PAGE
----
KWIECO Shelter Home
The general African way of women organising themselves in organisations, with the number of members ranging from tens to hundreds, also occurs in Senegal. An active and strong women’s group attempts to ease its members’ everyday life amidst poverty and strives to guarantee them a reasonable ‘social security’. The schooling level is raised by independent initiative and literacy courses. The organisations supplement their incomes by selling home-made food and needlework. Also, they help women to adapt to the change in life in moving to the city from the countryside. Their activities have an organized structure, which means a step forward from the traditional social network created by family and friends.
The women’s centre, built in a suburb of Rufisque, offers facilities for the activities of the various organisations formed by the women. The idea and the spatial programme of the centre were born in cooperation with local women’s groups. The building was carried out as an NGO project through ‘Tekniska Förening i Finland’ and was financed by the Finnish Foreign Ministry, the Senegalese-Finnish Association ARC, as well as by scholarships received from various foundations. The plot was donated by the city of Rufisque and donations were also given by locals.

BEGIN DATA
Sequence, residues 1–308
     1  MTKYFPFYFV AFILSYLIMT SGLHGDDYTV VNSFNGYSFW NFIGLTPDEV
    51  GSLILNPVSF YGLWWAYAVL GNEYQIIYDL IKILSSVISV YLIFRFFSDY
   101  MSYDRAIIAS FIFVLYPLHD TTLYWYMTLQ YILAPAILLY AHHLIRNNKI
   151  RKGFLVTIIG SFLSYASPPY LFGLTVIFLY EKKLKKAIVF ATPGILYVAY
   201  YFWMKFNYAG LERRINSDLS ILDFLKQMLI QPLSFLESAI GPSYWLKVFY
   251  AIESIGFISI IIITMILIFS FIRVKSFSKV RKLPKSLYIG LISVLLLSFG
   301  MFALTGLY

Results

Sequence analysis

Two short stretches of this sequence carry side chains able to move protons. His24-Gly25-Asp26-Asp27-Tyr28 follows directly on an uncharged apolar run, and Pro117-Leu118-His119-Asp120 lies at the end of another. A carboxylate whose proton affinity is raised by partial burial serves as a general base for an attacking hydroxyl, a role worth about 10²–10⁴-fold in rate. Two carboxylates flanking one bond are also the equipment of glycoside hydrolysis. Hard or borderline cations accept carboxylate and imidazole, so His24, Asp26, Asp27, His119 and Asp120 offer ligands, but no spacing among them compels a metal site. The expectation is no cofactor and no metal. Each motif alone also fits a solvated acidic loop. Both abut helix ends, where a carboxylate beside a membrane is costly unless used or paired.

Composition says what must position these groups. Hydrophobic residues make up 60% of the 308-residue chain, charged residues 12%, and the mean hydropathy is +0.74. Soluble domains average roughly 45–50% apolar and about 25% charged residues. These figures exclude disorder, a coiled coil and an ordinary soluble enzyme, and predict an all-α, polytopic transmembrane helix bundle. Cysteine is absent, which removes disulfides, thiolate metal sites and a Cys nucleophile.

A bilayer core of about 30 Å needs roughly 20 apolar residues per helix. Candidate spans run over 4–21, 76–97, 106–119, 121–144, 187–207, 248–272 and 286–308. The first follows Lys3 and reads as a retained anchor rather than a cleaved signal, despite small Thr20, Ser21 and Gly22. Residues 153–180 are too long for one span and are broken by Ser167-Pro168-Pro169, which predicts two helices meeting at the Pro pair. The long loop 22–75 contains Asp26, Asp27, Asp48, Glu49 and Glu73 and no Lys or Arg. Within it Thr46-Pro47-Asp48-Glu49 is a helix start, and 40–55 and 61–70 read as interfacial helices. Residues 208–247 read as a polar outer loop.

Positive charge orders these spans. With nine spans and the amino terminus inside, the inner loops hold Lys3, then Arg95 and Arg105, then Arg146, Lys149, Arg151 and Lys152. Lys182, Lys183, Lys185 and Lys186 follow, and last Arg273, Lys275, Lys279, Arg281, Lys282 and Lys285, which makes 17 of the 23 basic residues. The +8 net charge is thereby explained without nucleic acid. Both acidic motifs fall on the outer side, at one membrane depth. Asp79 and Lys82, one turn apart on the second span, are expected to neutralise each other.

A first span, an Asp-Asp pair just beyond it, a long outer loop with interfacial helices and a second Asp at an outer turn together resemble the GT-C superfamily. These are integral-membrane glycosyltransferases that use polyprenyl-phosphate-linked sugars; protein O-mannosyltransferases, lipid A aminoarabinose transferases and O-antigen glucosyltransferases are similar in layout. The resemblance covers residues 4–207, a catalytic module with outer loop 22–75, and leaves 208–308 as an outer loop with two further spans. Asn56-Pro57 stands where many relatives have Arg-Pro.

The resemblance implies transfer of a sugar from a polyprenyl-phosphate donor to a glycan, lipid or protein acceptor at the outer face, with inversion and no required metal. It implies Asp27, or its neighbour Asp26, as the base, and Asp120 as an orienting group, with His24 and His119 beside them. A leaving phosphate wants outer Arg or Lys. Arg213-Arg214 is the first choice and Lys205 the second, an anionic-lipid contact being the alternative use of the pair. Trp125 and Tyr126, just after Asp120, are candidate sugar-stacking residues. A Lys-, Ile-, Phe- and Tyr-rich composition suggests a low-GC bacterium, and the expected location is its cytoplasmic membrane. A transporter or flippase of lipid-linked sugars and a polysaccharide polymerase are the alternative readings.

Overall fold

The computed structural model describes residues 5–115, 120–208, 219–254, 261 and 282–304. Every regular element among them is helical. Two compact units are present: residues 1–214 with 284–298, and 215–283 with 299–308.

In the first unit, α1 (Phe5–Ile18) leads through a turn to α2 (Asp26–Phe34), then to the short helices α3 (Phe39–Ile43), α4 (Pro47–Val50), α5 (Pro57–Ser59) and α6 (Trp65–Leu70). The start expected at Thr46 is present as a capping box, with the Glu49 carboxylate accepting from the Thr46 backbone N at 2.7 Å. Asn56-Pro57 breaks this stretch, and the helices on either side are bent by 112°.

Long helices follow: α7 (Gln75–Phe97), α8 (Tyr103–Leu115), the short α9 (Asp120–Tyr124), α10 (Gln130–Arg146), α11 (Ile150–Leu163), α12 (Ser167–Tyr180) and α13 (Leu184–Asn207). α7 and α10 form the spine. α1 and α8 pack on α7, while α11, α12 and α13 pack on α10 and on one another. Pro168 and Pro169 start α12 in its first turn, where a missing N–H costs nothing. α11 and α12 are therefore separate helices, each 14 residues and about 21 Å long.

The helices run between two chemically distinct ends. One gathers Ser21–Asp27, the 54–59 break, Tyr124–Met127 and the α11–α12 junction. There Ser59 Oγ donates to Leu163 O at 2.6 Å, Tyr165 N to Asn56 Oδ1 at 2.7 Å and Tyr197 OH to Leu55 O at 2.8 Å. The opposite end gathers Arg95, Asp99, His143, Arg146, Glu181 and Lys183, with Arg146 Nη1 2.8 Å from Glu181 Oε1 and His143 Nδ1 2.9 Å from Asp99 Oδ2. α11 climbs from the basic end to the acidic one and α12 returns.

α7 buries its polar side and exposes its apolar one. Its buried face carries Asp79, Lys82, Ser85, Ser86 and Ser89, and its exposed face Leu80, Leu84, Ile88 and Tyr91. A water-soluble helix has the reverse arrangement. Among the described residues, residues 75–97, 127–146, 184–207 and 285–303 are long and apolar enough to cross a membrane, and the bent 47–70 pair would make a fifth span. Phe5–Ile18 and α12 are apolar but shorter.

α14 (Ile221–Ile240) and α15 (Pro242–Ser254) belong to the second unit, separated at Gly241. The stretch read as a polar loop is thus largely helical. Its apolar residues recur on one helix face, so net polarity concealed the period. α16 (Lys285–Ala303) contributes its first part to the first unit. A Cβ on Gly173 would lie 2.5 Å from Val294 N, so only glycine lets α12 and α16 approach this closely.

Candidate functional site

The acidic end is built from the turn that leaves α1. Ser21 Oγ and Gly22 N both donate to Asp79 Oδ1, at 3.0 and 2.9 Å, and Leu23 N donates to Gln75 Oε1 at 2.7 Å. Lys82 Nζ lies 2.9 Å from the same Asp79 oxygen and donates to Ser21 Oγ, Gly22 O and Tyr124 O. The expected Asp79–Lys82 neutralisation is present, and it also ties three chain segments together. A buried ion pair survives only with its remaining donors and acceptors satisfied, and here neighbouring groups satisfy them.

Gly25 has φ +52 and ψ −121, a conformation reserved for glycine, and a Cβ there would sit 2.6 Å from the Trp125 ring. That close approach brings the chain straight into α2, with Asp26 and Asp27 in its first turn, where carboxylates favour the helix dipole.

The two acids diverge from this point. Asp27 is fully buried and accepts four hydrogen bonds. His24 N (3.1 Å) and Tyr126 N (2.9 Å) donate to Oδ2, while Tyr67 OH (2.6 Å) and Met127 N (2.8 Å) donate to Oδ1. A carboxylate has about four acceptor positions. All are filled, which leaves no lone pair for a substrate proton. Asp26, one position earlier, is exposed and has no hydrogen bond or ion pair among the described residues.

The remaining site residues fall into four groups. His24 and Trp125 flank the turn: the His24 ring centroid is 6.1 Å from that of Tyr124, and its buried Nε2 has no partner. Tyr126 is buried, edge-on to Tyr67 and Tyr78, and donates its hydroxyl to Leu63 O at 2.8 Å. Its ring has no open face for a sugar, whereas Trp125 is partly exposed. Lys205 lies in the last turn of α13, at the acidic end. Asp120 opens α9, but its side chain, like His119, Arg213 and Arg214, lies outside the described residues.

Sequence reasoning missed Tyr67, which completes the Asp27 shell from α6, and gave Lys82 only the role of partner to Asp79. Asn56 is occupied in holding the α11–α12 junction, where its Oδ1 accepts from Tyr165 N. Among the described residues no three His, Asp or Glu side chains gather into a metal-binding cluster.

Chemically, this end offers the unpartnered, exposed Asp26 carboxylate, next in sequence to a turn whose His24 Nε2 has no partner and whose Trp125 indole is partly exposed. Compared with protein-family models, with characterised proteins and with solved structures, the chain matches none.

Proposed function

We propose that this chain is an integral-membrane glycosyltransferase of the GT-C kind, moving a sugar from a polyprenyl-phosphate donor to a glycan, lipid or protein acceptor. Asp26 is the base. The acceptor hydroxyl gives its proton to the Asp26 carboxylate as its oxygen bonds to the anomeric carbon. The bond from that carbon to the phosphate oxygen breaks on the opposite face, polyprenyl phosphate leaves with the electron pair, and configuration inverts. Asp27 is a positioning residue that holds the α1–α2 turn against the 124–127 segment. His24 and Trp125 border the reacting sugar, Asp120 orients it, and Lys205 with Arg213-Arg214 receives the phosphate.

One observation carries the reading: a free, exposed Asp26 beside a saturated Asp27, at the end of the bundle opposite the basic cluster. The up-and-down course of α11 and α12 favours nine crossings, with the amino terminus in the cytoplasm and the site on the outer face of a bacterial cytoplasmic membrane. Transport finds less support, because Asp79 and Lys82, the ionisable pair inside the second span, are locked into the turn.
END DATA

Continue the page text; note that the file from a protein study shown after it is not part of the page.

According to the West African custom, the building is grouped around an internal courtyard; the line between private and public is clear, albeit flexible. The simplicity of the street façades adapts the building to its surroundings; the corner facing a road crossing forms a small public square where the facilities reserved for commerce are located. The building’s red colour gives the house its own identity amidst the grey tone of the city block structure.
The building frame is a column and beam structure cast on site, with the walls made from concrete blocks cast in a mould and dried on site. The roof is corrugated metal sheeting supported by a steel beam system, with thick woven straw matting forming an insulating ceiling structure; the spacing between is ventilated, which guarantees that the indoor air is kept pleasantly cool. Localness and recycling is emphasised in the material choices; for instance, the use of wood is limited to only those places where it could not be replaced by any other material; and in detailing, for instance, old car wheel rims have been used as ventilation holes and the bottoms of old glass bottles for windows. The reinforcement irons in the concrete have been made from recycled iron.
The centre was completed in October 2001.
Source: Finnish Architectural Review 1/2002